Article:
This change occurred due to widespread leaks of Attack on Titan episodes over the last few weeks. Episode 52 of the show leaked online with Arabic and Spanish subtitles over a full day before it was scheduled to air in Japan. Episode 53 faced a similar problem, leaking with Arabic subtitles several hours prior to its intended timeslot. The specificity of the subtitle languages has led fans to speculate that the show is being leaked by a licensee from either an Arabic or Spanish-speaking country.

    "To prevent further leaks, the licensor has decided to deliver the show materials to Funimation after Japan’s broadcast has concluded on Sunday," explained Funimation.

    The company went on to note the frustration some fans might feel, “We know that this is an inconvenience for all fans awaiting a new episode this Sunday, but this restriction is out of our hands.”

    The delay in receiving materials means the company will be unable to begin translating and subtitling the show until after it airs in Japan, hence the delay.

    Subtitled episodes will continue to be released on Wednesdays until the season concludes, unless the original Japanese licensor decides at some point to roll back this decision.

    Funimation painted the change as "an opportunity for all of us to reflect on how leaks and piracy ultimately affects everyone in the anime industry.” The company promised that the series’ simuldub will not be affected by the release date alteration.

    Attack on Titan Season Three, Part Two airs in America on Adult Swim’s Toonami block every Saturday. Episode 50’s dub will premiere on Toonami later this week on May 25.

  7. #647
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    GOT Season 8 torrents: GOT breaks viewership record, but most was pirated torrents

    Game of Thrones Season 8 is one of the most talked about TV show of all time for so many reasons. Whether it is the controversial ending or production mistakes, Game of Thrones is been in trends since the last few months.

    As it was the final season and every fan was excited to see how Game of Thrones ends, it generated record viewership numbers. Along with the official HBO numbers, GOT torrents have also shattered all piracy records.

    Game of Numbers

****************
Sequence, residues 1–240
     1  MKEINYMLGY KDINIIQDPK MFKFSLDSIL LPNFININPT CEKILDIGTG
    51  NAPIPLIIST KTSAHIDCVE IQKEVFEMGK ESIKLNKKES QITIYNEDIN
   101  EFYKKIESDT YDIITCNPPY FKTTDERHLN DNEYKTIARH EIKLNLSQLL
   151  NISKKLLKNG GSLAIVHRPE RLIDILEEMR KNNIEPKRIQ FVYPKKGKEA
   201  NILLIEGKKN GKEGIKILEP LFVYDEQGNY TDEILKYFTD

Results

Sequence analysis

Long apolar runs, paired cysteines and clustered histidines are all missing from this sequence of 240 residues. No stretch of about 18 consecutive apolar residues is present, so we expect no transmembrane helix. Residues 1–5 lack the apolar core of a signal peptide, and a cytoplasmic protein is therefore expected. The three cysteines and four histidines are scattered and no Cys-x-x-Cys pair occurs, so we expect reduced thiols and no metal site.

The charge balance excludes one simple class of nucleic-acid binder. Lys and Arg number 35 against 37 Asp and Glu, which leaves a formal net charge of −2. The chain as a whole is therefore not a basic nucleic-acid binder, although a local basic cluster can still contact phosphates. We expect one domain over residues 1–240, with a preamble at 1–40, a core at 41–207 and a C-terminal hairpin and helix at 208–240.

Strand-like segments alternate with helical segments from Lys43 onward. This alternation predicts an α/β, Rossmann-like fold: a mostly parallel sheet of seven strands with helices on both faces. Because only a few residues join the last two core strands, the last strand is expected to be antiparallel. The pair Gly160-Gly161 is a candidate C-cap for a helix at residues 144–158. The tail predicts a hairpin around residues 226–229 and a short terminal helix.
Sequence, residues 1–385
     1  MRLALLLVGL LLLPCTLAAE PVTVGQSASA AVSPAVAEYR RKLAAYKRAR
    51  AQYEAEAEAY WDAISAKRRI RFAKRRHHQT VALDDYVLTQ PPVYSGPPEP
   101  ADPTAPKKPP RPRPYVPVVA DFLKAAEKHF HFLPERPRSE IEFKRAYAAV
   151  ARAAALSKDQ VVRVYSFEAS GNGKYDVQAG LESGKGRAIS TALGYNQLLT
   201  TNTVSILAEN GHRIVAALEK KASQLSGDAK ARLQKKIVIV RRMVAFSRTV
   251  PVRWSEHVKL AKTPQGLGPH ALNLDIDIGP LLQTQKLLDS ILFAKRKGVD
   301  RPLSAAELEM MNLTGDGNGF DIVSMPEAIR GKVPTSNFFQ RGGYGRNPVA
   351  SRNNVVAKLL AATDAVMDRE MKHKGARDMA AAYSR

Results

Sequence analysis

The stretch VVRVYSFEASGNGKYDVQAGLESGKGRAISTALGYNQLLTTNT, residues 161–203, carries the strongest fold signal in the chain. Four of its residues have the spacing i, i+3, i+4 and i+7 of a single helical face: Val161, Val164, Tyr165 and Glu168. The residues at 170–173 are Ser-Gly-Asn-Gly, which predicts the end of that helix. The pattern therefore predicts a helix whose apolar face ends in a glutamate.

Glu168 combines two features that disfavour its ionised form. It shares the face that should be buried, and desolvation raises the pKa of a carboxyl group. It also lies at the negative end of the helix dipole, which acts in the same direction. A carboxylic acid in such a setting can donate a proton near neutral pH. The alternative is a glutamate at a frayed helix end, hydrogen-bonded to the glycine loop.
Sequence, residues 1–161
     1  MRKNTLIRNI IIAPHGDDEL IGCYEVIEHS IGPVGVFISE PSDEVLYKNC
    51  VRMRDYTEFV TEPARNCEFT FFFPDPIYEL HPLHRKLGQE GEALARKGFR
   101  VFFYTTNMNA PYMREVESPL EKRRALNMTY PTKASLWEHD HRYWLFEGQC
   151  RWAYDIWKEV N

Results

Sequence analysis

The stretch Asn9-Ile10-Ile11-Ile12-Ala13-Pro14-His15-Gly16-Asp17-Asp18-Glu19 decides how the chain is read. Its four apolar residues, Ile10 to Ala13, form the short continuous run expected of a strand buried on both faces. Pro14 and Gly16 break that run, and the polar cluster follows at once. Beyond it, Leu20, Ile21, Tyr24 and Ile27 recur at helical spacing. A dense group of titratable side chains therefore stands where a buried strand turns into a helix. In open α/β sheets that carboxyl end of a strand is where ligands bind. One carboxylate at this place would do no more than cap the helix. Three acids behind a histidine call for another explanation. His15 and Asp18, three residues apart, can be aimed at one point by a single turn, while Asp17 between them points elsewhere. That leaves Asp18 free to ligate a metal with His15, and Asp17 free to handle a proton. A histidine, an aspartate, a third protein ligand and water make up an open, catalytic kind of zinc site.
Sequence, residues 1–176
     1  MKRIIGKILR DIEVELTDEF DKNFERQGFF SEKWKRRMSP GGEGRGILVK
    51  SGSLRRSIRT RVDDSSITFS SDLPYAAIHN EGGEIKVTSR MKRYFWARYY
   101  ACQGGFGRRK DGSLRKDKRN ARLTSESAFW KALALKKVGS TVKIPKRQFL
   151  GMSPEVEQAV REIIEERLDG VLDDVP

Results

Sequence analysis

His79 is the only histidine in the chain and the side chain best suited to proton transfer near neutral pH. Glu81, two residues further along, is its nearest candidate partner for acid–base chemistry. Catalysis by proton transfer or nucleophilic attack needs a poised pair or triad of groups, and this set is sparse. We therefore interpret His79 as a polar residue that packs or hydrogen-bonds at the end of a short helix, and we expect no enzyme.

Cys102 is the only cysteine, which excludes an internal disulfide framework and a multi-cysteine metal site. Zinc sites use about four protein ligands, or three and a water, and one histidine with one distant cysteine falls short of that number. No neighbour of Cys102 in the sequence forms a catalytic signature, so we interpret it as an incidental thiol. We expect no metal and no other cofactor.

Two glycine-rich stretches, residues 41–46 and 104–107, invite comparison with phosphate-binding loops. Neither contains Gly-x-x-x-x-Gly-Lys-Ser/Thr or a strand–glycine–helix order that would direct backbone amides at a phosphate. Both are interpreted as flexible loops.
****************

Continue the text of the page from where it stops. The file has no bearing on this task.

HBO reported that a record 17.4 million users watched Game of Thrones Season 8 Episode 1 through official HBO App and other partner networks. It is the highest number of viewers the show has ever reached before Season 8.

    Not only that the first episode of Game of Thrones Season 8 broke all the illegal views records too. GOT was watched around by 55 million users through torrents and other such means within 24 hours of the release of the first episode this season.

    Finale Record

    Even though everyone is hating the GOT finale episode, it has shattered all the previous viewing records. GOT S8 finale was live streamed by over 19.3 million users all around the world. While the average views of the whole of the Game of Thrones Season 8 come around 44.2 million. As of now, there are still many fans who haven’t watched Season 8 of Game of Thrones, so these numbers are expected to further go up.

    Streaming vs Download

    The biggest difference Game of Thrones had made is that more and more people are streaming the show instead of downloading. Since HBO has made it so easy to stream Game of Thrones Season 8 all around the world, it was bound to happen.

    As per the reports, 76.6 percent on the total figures are from online streaming while only 12.2 percent people bothered to download GOT Season 8. The remaining numbers go to a regular TV channel which airs Game of Thrones after some hours later.






  8. #648
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    Movie Company Uses DMCA Subpoena Shortcut to Identify Pirates

    When copyright holders want to identify pirates in the US, they have to file a lawsuit. However, in Hawaii, the people behind the film "Hunter Killer" have used a shortcut by requesting a DMCA subpoena. This is unusual, as many legal experts thought this was no longer an option.

    In the early 2000s, the RIAA started going after against tens of thousands of alleged music pirates.